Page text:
XPS for energy materials: development of methods for the chemical speciation of transition metals
The project aims to make a paradigm shift in the speciation of chemical states arising from transition metal spectra (XPS 2p and 3d core levels) of importance in energy research. Thermo Fisher Scientific are one of the world’s major three suppliers of turn-key X-ray photoelectron spectroscopy (XPS) systems and have collaborated with University of Surrey staff in this area since the commercial inception of the technique in 1970.
Start date1 January 2024
Funding sourceThermo Fisher Scientific/University of Surrey Matched Funding
Funding covers a stipend £20,000 pa (tax-free) and UK “home” tuition fees for 3.5 years. Funding is available to cover travel, conferences and consumables. Eligibility follows standard research council rules and include UK/Irish citizenship or ordinary residence within the UK for 3 years prior to the funding commencing, but please note that in the latter case, only home fees will be covered.
X-ray photoelectron spectroscopy (XPS) is a mature surface analytical technique, with its use increasing exponentially year-on-year. This increased use is accompanied by a growing presence of significantly flawed results. A strength of XPS is its ability to provide quantitative chemical state information of mixed-valence compounds of the same element. For the transition metals, this requires a significant amount of prior knowledge. With the increasing importance of such elements (e.g. Ti, Co, Fe, Mn, Ni) in energy applications, and the challenge of the extraction of chemical state information for the inexperienced user, this project aims to establish a new approach for such activities. The goal is an unsupervised method to unravel the complexity of chemical states that will be more objective than the current, subjective, method of operator definition of individual components. This will ensure the increased reliability of XPS spectra in energy related, and other, research.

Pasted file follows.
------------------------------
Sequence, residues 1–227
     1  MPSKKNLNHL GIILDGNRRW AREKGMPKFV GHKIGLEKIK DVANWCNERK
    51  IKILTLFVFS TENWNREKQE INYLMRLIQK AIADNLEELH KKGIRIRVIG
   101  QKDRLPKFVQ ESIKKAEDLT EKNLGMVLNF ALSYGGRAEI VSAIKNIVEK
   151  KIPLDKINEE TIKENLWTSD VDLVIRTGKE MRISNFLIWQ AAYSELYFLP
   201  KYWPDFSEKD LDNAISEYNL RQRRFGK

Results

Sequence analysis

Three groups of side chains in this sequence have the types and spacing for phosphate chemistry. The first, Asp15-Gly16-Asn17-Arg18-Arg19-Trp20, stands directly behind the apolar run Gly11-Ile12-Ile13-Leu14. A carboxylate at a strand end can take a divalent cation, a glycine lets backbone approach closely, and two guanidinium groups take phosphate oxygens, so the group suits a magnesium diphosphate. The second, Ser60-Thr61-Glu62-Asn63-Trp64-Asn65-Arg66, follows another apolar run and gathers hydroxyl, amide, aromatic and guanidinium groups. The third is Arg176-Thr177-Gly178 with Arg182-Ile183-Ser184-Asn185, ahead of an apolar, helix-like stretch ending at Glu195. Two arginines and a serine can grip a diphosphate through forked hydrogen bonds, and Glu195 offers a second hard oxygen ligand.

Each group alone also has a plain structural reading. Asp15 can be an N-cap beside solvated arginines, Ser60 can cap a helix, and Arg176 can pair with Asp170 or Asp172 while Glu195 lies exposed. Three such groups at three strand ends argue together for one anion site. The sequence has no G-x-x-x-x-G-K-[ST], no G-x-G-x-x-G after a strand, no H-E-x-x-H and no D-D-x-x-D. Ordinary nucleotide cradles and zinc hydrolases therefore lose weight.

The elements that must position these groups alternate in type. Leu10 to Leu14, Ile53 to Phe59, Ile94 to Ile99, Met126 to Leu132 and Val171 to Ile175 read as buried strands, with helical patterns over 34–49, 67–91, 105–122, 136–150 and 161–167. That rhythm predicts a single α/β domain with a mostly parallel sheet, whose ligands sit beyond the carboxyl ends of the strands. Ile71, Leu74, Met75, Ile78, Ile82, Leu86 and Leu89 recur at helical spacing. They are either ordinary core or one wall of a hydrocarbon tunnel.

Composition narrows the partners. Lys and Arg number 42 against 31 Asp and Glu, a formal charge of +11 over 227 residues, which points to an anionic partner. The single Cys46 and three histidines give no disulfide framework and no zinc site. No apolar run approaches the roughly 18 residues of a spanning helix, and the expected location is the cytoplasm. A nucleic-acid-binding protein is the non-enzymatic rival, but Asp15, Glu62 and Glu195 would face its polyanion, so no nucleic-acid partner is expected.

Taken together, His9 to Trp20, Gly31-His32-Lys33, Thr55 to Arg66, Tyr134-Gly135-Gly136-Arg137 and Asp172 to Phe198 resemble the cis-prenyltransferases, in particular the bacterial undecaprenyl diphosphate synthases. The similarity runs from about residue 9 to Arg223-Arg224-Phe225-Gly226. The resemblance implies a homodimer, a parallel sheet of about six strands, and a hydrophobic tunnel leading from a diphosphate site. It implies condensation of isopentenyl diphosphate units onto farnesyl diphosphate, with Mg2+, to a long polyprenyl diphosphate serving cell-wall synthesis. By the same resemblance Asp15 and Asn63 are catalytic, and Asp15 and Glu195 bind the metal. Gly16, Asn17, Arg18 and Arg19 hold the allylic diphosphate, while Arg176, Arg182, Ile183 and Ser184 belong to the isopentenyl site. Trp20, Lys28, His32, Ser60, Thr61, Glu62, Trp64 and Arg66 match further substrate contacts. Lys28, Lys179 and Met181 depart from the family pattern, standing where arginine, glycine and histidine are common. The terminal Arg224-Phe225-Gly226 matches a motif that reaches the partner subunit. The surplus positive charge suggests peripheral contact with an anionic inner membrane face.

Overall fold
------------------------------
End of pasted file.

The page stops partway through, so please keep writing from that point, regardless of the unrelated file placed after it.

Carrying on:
This project will achieve a paradigm shift in which peak fitting for the extraction of chemical states can be achieved. Standard, well characterised, transition metal compounds will be employed to provide high-quality XPS data recorded at high spectral resolution. The meat of the project will be the development of AI-based procedures such as machine learning (ML) to carry out unsupervised fitting of mixed valence state spectra using the spectra from the standard compounds. These will be used to “teach” the ML routine the characteristics of each oxidation state thus enabling the precise speciation of the “unknown” compounds. In this way, the quality of data produced from complex electron spectra, such as the 3d transition metals, will be widely available and not just limited to a relatively small group of experts which (includes the supervisors of this project). In this manner, the quality of XPS data in the literature will become enhanced.
Open to candidates who pay UK/home rate fees. See UKCISA for further information.
Candidates must meet Surrey graduate entry requirements which include holding at least an upper second-class degree or equivalent qualifications in a relevant subject area such as physics, chemistry, materials science or engineering. A masters degree in a relevant discipline and additional research experience would be an advantage
We are committed to supporting Female, Black, Asian, or minoritised ethnic communities (sometimes referred to as BAME) that are currently under-represented. All candidates must be permanent UK resident for fee purposes.
Further details can be found under the entry requirements tab on the Engineering Materials PhD course page.
How to apply
Applications should be submitted via the Engineering Materials PhD programme page on the "Apply" tab. In place of a research proposal you should upload a document stating the title of the project that you wish to apply for and the name of the relevant supervisor.
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